Of Cinder and Madness by Nicole Zoltack
My rating: 3 of 5 stars
Yes, Angelique is Ella’s (Eleonore’s) stepmother, but she’s not the bad guy. She just wanted to help the dark, troubled girl whose beauty was as captivating as her pain.
But it’s not that simple of a tale.
And trust me, everything you know about it is wrong.
I tend to love fairy tale retellings, so I was excited to snap Of Cinder and Madness up.
I kind of expected this story to be a bit dark (I mean, just look at the title). But as I wound my way through the story, I was somewhat perplexed at the complete rewrite of the original story, having little in common besides the roles of the characters (barons, prince, step children, etc.) and the settings in which they participated. Honestly, I kept reading it wondering if the stepmother was the one who was afflicted by madness, and the Cinderella story I’ve come to love would be restored.
I found the pacing a bit difficult as well. The story starts not in the middle of action, but somewhere floating before the action. the opening statements make Angelique seem bitter, almost vengeful, but we find out through the story this is not the case (over and over again).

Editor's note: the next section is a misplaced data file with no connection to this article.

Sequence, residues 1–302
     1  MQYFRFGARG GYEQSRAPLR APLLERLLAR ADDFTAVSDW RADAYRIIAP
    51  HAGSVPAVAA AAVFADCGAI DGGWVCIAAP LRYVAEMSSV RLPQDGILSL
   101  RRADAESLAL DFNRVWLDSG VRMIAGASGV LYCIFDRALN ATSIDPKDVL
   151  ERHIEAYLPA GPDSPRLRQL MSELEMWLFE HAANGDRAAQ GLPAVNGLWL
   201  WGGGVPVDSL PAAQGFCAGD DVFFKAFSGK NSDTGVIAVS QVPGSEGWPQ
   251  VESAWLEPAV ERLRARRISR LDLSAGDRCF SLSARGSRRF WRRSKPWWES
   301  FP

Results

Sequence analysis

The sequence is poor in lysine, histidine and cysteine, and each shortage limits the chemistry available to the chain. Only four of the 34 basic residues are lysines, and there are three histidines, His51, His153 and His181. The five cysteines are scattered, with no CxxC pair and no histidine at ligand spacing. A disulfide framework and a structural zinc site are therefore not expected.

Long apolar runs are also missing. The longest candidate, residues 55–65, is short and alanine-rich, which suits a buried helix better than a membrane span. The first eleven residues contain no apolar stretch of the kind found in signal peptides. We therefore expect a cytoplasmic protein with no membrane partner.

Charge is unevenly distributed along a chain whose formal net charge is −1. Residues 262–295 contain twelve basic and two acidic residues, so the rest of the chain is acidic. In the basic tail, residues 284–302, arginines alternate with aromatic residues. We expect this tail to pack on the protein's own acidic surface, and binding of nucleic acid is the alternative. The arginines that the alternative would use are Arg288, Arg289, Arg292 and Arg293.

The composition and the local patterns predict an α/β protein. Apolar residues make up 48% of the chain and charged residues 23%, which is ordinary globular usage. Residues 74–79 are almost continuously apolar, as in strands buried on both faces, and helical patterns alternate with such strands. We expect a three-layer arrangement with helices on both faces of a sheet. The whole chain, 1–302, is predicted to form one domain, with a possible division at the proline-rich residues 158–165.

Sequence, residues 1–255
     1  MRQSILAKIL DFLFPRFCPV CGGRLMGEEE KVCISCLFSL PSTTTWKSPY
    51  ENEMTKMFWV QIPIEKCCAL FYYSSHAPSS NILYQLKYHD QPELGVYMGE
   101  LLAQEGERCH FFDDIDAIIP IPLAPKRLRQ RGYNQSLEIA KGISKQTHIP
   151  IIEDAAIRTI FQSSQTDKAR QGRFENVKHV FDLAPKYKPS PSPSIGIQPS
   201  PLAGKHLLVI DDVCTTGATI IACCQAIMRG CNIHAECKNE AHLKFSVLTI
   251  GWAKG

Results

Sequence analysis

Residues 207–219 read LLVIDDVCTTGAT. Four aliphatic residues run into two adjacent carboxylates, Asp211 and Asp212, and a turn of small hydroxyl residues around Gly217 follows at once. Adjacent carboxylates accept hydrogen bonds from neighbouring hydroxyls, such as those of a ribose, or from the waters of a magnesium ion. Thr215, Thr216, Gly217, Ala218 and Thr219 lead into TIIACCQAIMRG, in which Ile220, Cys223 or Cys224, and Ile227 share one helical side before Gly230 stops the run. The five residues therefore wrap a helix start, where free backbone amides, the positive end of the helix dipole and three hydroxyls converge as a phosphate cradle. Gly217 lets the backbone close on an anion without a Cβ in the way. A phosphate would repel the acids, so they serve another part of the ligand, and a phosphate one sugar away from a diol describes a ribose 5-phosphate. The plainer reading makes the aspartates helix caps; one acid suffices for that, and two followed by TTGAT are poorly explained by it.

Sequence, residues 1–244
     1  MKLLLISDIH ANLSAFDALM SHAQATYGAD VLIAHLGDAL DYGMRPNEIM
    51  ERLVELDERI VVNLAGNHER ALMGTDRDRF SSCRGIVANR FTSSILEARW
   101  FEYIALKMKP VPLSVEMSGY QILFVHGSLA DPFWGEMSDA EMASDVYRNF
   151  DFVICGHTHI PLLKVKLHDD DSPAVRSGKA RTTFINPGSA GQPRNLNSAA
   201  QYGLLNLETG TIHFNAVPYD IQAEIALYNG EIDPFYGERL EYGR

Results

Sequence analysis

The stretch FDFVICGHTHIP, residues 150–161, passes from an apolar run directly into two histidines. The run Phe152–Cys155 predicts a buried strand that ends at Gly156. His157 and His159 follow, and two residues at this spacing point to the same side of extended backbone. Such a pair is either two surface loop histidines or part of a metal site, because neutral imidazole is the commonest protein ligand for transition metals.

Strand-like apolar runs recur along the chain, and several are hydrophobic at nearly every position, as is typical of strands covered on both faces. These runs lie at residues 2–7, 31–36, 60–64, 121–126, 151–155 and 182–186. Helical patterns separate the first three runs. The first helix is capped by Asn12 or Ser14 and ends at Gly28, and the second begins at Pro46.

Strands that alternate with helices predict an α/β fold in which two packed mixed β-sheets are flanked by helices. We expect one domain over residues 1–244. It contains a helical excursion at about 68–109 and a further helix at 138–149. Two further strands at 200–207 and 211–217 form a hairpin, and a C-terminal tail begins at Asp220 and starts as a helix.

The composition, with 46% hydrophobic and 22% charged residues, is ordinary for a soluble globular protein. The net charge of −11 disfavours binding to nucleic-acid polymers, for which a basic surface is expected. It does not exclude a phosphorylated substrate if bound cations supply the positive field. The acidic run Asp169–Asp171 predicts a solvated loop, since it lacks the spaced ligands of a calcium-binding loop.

Between the current story chapters are flashback chapters, detailing how they got to this place. The flashbacks skip around, and it ended up being a bit confusing at times, trying to decipher where I was in the story. Besides that, the constant back and forth, even when the current story finally got interesting, interrupted the flow.
Finally, though I wanted to like the characters, Eleonore was less than sympathetic, and Angelique’s constant struggle felt overdone, and she wallowed in self pity more than I could truly enjoy. The prince was perplexing as well (was he disturbed, too?).
The story is imaginative, and it totally turns the original on its head. It was obviously not the right fit for me, but I think others who like dark and twisted fantasies/fairy tales with a more casual pace and somewhat experimental format would enjoy Of Cinder and Madness.
**This book was clean, but it was disturbing, especially in its portrayal of madness.